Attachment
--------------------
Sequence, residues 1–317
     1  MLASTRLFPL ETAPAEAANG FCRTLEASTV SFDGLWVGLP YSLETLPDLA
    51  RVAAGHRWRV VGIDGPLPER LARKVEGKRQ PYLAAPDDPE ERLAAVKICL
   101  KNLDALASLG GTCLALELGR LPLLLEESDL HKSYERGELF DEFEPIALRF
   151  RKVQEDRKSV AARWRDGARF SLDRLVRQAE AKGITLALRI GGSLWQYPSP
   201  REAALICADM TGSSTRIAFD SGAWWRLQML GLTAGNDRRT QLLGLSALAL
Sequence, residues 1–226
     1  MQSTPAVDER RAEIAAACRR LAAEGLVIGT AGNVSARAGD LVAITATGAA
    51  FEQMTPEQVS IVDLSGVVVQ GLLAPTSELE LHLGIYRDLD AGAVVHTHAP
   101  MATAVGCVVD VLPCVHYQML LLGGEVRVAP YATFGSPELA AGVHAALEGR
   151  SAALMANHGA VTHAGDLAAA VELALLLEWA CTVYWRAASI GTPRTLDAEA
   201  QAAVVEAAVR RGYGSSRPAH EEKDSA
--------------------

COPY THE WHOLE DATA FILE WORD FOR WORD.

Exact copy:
Sequence, residues 1–317
     1  MLASTRLFPL ETAPAEAANG FCRTLEASTV SFDGLWVGLP YSLETLPDLA
    51  RVAAGHRWRV VGIDGPLPER LARKVEGKRQ PYLAAPDDPE ERLAAVKICL
   101  KNLDALASLG GTCLALELGR LPLLLEESDL HKSYERGELF DEFEPIALRF
   151  RKVQEDRKSV AARWRDGARF SLDRLVRQAE AKGITLALRI GGSLWQYPSP
   201  REAALICADM TGSSTRIAFD SGAWWRLQML GLTAGNDRRT QLLGLSALAL
Sequence, residues 1–226
     1  MQSTPAVDER RAEIAAACRR LAAEGLVIGT AGNVSARAGD LVAITATGAA
    51  FEQMTPEQVS IVDLSGVVVQ GLLAPTSELE LHLGIYRDLD AGAVVHTHAP
   101  MATAVGCVVD VLPCVHYQML LLGGEVRVAP YATFGSPELA AGVHAALEGR
   151  SAALMANHGA VTHAGDLAAA VELALLLEWA CTVYWRAASI GTPRTLDAEA
   201  QAAVVEAAVR RGYGSSRPAH EEKDSA